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Gordon Arthur Woodward (1923 - 2000)

Born 26 March 1923 at Burton on Trent; Married Vera May Baker 18 December 1945 at Stretton, Burton on Trent; Died 1 July 2000 at Burton on Trent.
Father: Horace Arthur Woodward; Mother: Annie Johnson.

Gordon was born at 102 Eton Road, Burton on Trent, Staffordshire on 26th March 1923. He was the second and last child of Horace and Annie Woodward.

Gordon was nothing like his father and took after his mother's side of the family. In fact he wasn't like the Woodward's at all. He stood about five feet three inches tall whereas most of his uncles and cousins were nearer six-foot. His father earned good money working as a foreman cooper and his mother's family were fairly wealthy.  Annie's parents moved from Selby, Yorkshire, to run a boarding house in Scarborough, and Gordon spent many summers there when he was young.

When Gordon was eleven years old he attended Burton Grammar School as a fee paying pupil, paid for by his mother, and on leaving school he started work at the Burton Town Hall as a trainee valuer in the Valuation Office. He didn't stay there long and in 1940 joined Bass's Brewery as an apprentice Cooper.

The Second World War

In 1941, just after his eighteenth birthday, Gordon enlisted in the Army, joining the Royal Ordnance Corps at Old Dalby, Leicestershire.
His elder brother, Geoffrey Woodward, had already joined the Merchant Navy in 1940, but his ship was torpedoed in the Atlantic and he spent the rest of the war in a prisoner of war camp.

At Old Dalby, Gordon worked in the stores, and after a short spell at Hinckley, Leicestershire, he transferred to the Royal Electrical & Mechanical Engineers (R.E.M.E) at Ashford, Kent where he was promoted to Corporal.
 He was then assigned to the 79th Armoured Division to drive a 'swimming' tank, a Sherman Tank fitted with floats that could be launched out at sea to 'swim ashore' ahead of the infantry. However, he missed the worst excesses of D-Day in June 1944 when his landing craft broke down in the English Channel, and he finally arrived in France on D+3. During the Battle of the Bulge in December 1944 he took refuge with a Belgian family, and then after rejoining his unit moved towards Berlin.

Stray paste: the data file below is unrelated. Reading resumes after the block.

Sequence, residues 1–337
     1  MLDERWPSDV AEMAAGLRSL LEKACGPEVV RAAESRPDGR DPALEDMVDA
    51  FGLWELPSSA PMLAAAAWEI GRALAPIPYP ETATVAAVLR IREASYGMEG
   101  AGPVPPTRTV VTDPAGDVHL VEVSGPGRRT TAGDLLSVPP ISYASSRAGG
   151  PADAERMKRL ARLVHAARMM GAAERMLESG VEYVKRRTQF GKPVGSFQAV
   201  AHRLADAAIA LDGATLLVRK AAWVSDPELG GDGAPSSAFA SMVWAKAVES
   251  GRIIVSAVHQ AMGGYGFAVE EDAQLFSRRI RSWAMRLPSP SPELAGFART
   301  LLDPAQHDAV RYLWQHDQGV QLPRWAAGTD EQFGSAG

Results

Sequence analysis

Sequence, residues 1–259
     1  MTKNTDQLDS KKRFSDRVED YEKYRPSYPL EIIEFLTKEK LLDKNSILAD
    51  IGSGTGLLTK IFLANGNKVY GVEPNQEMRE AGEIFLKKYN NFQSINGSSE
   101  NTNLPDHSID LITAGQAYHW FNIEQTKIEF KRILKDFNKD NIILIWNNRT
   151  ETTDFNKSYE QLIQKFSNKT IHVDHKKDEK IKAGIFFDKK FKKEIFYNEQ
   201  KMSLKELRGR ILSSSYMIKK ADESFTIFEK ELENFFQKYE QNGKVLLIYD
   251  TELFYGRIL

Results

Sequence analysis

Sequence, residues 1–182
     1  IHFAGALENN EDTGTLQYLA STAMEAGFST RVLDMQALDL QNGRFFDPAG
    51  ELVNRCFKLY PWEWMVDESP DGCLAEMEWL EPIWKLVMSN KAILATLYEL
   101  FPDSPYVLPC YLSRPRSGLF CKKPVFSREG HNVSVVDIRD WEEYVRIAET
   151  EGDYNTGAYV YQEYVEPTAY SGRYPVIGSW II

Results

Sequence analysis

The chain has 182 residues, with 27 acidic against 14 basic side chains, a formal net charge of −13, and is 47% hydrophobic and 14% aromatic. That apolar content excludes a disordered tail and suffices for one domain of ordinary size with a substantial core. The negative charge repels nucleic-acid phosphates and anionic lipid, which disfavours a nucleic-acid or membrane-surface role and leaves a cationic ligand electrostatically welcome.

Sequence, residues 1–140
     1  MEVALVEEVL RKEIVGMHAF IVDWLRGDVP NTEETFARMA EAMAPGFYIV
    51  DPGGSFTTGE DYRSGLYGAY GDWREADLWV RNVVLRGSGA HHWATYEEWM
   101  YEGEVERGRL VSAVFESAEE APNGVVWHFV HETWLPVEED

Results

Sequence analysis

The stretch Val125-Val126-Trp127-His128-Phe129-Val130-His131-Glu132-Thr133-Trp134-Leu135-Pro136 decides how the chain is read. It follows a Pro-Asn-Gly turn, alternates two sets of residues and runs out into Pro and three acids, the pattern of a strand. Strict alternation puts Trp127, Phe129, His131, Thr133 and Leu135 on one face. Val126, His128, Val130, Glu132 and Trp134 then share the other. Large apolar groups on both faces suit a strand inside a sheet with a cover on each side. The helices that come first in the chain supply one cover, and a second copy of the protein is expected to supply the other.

On almost the last day of the war whilst driving an army lorry to Beilefeld in Germany he was involved in a major road accident and received such a serious head injury that it was a miracle he survived. The lorry he was driving was hit by the gun barrel of a tank on the back of a transporter going in the opposite direction. The gun took the top off the cab of his lorry and a piece of steel became embedded in his forehead, missing his brain by millimetres. After an operation on his head he was flown back to England to a hospital in Oxford where he stayed until his release from the Army in October 1945. His injury left him with a deep dent in his forehead which he had for the rest of his life.

He returned to Burton on Trent after his discharge from hospital, and on 18 December 1945 he married Vera May Baker at Stretton Church, Nr. Burton on Trent.  

Vera May Baker (1924 - 2013)

Born 5 February 1924 at Burton on Trent; Married 18 December 1945 at Stretton, Burton; Died 29 September 2013 at Burton on Trent.
Father Fred Baker; Mother Catherine Outram-Hatto
Children: David Bernard Woodward, Teena May Woodward, Roger Graham Woodward,
and Zelda Ann Woodward.

Vera came from a very different background to Gordon. She was born on 5 February 1924 at 201 Wetmore Road, Burton on Trent, a small terraced house backing onto Bass's Meadow, beside the River Trent. Her parents were Fred and Catherine Baker, real working class people.

Vera's mother, Catherine Outram, was born in Hungry Bentley, Derbyshire. Her mother, Fanny Outram, had worked as a servant at Mayfield Hall, Derbyshire, until she became pregnant and had to leave shortly before Catherine was born. Fanny later married a James Hatto at Stapenhill Church, Burton which is how Catherine's name became Outram-Hatto.